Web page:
In 2016, Embraer (a Brazil-based aircraft manufacturer with American Depositary Shares listed on the New York Stock Exchange) resolved a parallel DOJ / SEC Foreign Corrupt Practices Act enforcement action alleging improper conduct in the Dominican Republic, Saudi Arabia, Mozambique, and India (See here for the prior post).
The net FCPA settlement amount was $187 million and in terms of Saudi Arabia it was alleged that “Embraer [largely through the conduct of Executive B] agreed to pay and did pay Saudi Arabia Official [described as “an official in a high-level decision-making position in a state-owned and controlled company in Saudi Arabia that performed a government function] more than $1.5 million to obtain a contract for the sale of three business jets, valued at approximately $93 million to Saudi Arabia Instrumentality.”
Yesterday, the DOJ returned to these allegations and announced an enforcement action against Executive B, also known as Colin Steven (a U.K. citizen residing in the United Arab Emirates).
The overview portion of this criminal information alleges:
“From in or about November 2009, up to and including in or about April 2011, Colin Steven … engaged in an international conspiracy to bribe an official of the Kingdom of Saudi Arabia … in connection with the $93 million sale of jets from Steven’s employer, Embraer, to a company located in Saudi Arabia. As part of the scheme, Steven causes approximately $1.5 million in bribe payments to be made by Embraer to the Saudi Official through an intermediary company located in South Africa [described as an industrial valve and pump manufacturer, with no experience in the aircraft industry or in Saudi Arabia, partially owned by friends of Steven]. In exchange for those payments, the Saudi Arabia Official provided more favorable terms to Embraer in a sale of jets to the Saudi Arabia company. As a further part of the scheme, Steven arranged to and did receive a kickback from a portion of the bribe proceeds.”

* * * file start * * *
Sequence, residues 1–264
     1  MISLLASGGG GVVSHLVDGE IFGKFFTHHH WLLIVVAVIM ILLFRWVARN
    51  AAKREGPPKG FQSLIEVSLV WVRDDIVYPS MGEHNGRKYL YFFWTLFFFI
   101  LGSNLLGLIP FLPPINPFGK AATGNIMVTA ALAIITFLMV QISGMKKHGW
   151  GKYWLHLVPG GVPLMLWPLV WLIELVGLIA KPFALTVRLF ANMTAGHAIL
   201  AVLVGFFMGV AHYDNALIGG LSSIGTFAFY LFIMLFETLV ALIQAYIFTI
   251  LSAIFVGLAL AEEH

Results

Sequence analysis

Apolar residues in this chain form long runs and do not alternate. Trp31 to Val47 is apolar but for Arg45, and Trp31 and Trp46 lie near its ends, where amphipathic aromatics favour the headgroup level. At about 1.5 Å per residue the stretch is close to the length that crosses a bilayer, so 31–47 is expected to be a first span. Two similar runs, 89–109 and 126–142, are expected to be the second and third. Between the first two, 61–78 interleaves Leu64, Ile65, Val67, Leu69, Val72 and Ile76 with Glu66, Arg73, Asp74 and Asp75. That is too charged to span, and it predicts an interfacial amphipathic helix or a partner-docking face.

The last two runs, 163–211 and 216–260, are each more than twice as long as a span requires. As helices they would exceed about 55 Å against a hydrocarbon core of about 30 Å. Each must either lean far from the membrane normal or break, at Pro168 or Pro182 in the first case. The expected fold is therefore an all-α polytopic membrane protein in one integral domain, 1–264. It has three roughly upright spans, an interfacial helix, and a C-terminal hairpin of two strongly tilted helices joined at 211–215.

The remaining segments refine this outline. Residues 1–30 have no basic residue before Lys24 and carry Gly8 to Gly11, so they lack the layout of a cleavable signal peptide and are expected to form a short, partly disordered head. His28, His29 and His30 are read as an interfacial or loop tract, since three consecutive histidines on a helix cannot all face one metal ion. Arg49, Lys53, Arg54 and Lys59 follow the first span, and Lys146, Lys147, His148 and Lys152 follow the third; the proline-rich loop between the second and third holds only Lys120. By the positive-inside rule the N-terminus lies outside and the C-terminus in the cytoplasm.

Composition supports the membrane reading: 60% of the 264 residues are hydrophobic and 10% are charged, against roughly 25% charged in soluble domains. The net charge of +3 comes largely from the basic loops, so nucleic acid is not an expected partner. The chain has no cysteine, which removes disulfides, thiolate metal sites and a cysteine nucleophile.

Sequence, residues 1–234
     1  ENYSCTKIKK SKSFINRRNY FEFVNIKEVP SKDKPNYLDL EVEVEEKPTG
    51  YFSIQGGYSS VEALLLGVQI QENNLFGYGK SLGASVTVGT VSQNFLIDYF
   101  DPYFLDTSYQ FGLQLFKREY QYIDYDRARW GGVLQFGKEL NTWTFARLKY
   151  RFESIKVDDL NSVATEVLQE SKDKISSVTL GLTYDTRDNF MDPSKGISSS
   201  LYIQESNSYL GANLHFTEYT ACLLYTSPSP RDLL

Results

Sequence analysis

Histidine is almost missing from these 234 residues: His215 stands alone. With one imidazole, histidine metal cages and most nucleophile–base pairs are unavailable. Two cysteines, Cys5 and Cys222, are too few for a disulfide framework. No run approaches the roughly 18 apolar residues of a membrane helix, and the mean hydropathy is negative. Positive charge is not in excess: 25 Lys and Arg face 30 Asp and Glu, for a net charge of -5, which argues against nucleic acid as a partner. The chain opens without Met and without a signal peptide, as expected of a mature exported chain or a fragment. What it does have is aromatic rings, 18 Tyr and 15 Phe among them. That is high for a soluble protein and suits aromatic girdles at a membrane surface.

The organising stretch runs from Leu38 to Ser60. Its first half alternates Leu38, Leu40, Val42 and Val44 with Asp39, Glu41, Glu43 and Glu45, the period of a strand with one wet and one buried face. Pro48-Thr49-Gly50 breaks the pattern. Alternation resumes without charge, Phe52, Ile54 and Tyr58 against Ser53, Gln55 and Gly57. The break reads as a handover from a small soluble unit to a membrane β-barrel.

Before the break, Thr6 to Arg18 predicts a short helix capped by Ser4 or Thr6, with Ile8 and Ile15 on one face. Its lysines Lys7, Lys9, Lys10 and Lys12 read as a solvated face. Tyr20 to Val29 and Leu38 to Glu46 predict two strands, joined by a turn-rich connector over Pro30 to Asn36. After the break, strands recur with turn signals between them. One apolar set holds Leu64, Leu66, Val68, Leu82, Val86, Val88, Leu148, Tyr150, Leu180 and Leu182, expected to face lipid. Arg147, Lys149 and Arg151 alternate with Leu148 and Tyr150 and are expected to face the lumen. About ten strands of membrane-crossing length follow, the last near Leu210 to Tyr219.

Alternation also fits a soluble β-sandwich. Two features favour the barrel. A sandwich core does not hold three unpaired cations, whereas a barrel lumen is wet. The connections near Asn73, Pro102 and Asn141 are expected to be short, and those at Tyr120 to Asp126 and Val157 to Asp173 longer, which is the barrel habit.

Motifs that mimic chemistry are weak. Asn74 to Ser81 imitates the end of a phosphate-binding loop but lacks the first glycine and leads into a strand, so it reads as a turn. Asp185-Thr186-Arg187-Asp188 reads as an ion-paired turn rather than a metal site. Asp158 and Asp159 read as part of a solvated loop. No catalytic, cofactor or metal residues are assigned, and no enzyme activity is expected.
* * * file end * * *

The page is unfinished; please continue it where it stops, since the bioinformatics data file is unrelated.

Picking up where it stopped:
According to the information, “the South Africa Company would perform no work on the transaction and would be used to facilitate and to disguise the payment to the Saudi Arabia Official.”
In terms of a U.S. nexus, the information alleges that in March 2010 Embraer and a U.S.-based subsidiary of the Saudi Arabia Company entered into an aircraft purchase agreement and that in December 2010, the South Africa Company submitted three invoices to Embraer, each in the amount of $550,000, for its purported commission. … and that payments were made through two wire transfers from Embraer RL’s [a wholly-owned subsidiary incorporated in Delaware] bank account in Manhattan, New York …”.
According to the information, Steven received approximately $129,935 in kickbacks transferred to his U.S. bank account.
The information also contains the following allegation.
“On or about December 19, 2014, Colin Steven was interviewed by an agent of the FBI. During that interview, when asked about one of the wire transfers he received from the South African Company in 2011, Steven falsely stated that the funds has been transferred to him by an executive of the South African Company for the purpose of buying real estate in connection with a potential business venture between Steven and the executive.”
Based on the above allegations, the information charges one count of conspiracy to violate the FCPA’s anti-bribery provisions, one count of violating the FCPA’s anti-bribery provisions, two counts of wire fraud, one count of money laundering conspiracy, one charge of money laundering, and one false statement charge.
As highlighted here, in 2014 Steven left Embraer and in the release Marco Túlio Pellegrini (President and CEO of Embraer Executive Jets) stated: “I … extend my gratitude to Mr. Steven and [another individual] for their instrumental roles in building Embraer Executive Jets’ presence in their respective markets, and for leading these seamless transitions.”
FCPA Institute - Philadelphia (October 18-19, 2018)
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